Speaking of Postgres materialized views...The guys at sparkfun (makers of Arduino as well other fine products) migrated from MySQL to Postgres for various reasons, and decided to use the newish materialized views. Apparently it was all fun and games until their number of orders increased by an order of magnitude, bringing MV refreshes to their knees. (These MVs keep track of their available stock, it seems.)
MVs in Postgres are very basic -- no incremental refreshes like Oracle has, so they're crunching all the numbers from square one every single time you say "refresh."
I don't know anything about the sparkfun guys' particular requirements or infrastructure, but I probably would not try to keep Postgres MVs of any complexity constantly up to date in a transactional system. I'm imagining they're trying to update the MVs any time the dependent tables are modified, so too many orders kill them. What if they accepted some data staleness and set the MVs to refresh on a timer (every x minutes)? If the view of stock is out of date by a bit, that might be OK as long as there's a check in place at checkout time. Just kind of wondering out loud here.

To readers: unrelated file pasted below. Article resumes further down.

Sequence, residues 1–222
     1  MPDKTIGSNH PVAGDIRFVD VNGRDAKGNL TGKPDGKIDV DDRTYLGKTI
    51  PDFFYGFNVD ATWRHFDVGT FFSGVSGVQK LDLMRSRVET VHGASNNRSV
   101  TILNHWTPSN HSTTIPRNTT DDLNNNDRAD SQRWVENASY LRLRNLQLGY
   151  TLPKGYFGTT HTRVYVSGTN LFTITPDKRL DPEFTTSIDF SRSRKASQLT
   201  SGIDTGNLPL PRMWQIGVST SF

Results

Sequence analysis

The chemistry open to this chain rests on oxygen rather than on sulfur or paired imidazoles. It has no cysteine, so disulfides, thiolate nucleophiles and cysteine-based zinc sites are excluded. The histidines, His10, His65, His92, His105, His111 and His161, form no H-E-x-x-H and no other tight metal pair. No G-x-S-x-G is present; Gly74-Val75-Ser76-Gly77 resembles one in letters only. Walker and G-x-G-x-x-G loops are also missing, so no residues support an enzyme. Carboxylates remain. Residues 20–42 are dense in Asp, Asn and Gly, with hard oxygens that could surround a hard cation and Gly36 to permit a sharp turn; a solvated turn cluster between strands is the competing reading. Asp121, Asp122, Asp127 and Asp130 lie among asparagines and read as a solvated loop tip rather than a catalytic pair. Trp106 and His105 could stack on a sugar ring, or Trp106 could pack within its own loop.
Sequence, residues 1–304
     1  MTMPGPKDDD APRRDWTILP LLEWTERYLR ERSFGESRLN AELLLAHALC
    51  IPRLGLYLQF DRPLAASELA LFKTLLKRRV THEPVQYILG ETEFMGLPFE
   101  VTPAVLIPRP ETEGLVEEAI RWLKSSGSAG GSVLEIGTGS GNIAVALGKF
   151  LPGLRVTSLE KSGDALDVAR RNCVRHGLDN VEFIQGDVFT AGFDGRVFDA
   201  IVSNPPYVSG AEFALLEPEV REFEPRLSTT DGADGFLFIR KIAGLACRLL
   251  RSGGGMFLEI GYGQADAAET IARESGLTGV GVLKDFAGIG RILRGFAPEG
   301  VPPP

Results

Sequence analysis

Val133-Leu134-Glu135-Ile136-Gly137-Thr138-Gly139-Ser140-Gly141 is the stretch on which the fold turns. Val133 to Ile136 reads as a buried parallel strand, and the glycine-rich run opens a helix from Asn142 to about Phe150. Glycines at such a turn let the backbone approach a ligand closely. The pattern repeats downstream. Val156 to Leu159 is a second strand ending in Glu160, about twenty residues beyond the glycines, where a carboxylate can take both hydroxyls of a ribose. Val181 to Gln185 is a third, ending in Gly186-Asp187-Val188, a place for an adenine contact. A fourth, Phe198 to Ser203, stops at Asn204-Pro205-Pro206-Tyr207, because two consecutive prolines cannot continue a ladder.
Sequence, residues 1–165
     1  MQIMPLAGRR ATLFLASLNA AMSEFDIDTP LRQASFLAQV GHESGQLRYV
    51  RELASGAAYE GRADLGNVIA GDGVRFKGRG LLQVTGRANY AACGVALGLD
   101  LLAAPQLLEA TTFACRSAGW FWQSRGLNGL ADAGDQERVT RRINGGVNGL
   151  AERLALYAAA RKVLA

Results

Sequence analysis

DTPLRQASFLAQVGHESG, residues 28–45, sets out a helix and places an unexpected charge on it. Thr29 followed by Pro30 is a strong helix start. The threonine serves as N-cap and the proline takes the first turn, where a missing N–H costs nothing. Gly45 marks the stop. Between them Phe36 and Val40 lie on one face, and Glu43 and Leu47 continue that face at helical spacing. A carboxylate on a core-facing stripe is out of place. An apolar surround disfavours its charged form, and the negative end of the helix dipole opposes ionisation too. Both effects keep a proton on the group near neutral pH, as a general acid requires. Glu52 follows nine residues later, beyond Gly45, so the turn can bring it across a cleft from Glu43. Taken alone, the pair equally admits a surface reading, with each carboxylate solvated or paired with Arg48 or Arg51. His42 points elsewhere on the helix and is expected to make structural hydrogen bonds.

This situation shows that testing to scale is necessary, by the way.
On a related note, their reasons for switching from MySQL to Postgres are pretty numerous.